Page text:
Like every year in January, Detroit shows off its resilience, its working-class glamour and its vitality when the doors open of the Cobo center, showing all the latest toys on wheels. Hundreds of auto executives, thousands of journalists and tens of thousands of potential car buyers assemble to look at shiny chrome, kick tires and listen to each manufacturer explain how their latest models are the best they’ve ever made, blow away the competition and revolutionize their segment. We like to cut away the blah blah and keep its simple: do we like it or not?
It’s not easy styling a pickup – the form is all but set in stone, and the detailing severely limited by the need for the base models to sell at low prices. All of which makes the new Silverado all the more impressive – love it or hate it, the new styling is bold and sharp, the latter not always a Chevrolet forte. What’s really impressive to me is that the Silverado manages to combine classic Chevy design cues, such as the lights and the chrome bar that bisects the grille, with proportions that draw on the short-nosed Toyota Tundra, and upmarket, modern detailing, such as the projector headlamps, surprisingly well-executed side creases and character lines, and finally that controversial “aero fin” in front of the front wheels. Sure, it’s still a bit of a dinosaur, but at least now it’s a good-looking dinosaur that’s (up to) a useful 450lbs lighter.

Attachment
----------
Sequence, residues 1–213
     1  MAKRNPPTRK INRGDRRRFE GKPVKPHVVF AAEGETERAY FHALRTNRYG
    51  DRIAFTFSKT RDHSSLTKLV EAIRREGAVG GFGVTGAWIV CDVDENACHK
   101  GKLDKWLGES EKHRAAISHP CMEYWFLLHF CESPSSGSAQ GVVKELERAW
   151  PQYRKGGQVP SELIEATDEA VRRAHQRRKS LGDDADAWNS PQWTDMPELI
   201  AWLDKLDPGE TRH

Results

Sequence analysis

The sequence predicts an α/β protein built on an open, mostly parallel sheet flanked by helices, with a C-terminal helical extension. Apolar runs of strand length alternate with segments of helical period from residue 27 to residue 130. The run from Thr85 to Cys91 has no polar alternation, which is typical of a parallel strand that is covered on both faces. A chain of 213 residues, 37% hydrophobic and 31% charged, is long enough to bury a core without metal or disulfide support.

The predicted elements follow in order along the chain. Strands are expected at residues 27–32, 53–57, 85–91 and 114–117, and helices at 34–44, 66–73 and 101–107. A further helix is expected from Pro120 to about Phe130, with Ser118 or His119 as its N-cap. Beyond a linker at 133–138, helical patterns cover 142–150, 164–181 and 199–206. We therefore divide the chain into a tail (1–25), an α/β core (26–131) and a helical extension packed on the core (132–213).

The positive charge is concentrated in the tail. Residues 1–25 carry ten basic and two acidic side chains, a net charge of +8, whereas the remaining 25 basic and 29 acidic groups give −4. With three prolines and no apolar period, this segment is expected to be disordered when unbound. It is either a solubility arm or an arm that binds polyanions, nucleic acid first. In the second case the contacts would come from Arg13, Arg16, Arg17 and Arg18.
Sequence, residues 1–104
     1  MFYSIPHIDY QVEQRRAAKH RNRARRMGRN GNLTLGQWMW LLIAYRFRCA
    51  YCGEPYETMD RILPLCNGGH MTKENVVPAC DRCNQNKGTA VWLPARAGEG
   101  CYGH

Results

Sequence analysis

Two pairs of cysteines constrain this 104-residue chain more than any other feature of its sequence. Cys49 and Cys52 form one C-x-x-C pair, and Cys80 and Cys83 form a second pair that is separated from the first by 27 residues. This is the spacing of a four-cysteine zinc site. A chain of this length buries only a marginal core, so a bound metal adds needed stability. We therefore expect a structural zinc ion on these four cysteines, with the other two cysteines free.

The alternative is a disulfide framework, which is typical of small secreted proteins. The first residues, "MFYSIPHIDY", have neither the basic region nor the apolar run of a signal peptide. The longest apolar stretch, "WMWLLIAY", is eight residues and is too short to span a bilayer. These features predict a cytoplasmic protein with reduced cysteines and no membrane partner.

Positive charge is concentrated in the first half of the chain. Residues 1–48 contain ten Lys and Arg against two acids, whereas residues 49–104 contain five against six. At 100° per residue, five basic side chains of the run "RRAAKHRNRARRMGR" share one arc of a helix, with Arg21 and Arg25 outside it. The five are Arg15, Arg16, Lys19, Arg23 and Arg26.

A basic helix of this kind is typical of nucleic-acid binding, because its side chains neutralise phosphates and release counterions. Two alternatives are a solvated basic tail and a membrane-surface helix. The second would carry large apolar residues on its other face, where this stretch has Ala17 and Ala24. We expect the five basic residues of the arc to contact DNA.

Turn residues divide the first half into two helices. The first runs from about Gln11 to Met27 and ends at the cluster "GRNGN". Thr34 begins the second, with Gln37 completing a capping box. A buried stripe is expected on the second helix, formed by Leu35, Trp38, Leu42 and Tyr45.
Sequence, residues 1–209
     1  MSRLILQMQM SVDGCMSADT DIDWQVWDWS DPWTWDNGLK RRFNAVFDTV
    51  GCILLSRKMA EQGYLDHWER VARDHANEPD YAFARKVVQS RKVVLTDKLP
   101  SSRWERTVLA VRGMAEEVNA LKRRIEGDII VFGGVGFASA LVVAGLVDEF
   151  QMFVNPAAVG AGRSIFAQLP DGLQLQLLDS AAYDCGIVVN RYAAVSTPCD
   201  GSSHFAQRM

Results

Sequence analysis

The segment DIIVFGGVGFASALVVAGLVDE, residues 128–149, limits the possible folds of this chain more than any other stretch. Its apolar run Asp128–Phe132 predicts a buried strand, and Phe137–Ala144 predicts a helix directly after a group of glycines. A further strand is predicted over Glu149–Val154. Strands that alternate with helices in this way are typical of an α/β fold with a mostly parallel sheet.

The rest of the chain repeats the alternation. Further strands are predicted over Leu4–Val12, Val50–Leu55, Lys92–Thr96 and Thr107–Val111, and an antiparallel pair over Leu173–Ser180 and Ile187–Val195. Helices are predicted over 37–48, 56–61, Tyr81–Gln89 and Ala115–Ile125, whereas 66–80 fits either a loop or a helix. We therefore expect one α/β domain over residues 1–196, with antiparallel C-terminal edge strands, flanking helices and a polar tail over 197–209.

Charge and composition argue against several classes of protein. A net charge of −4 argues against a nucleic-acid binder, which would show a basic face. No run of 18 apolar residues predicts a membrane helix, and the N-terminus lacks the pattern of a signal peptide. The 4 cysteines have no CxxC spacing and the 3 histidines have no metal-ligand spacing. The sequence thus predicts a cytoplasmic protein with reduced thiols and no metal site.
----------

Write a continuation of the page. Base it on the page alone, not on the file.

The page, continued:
The big deal about this Silverado is not in its styling, while I agree with Kriss that it is impressively handsome – for a pick up truck. No, it’s actually the tech that’s been used on this truck. Don’t forget, this is one of GM’s cash cows, one of its most profitable vehicles, the one that pays the bills for all of its investments in electrification, autonomy and all these other developments. So it’s vital for them to maintain its position as America’s second-best selling vehicle and to push the price ceiling of luxury pick ups even beyond its already unimaginable heights, perhaps closing in on six-figure prices for the top-of-the-line version. GM hopes this will be the most fuel efficient full sized pick up on the market, helped by its impressive weight reduction thanks to the combined use of aluminium and ultra-high-strength steel, and the available new 3-liter inline-six diesel engine with 10-speed transmission. The V8’s will offer Dynamic Fuel Management that can shut off as many as six of the eight cilinders at steady highway speeds, alternating between which two cilinders are active for smoothness. That’s a lot of tech for what you might think of as “just a pick up truck”. Then again, they can’t afford to get left behind with RAM also launching a new 1500.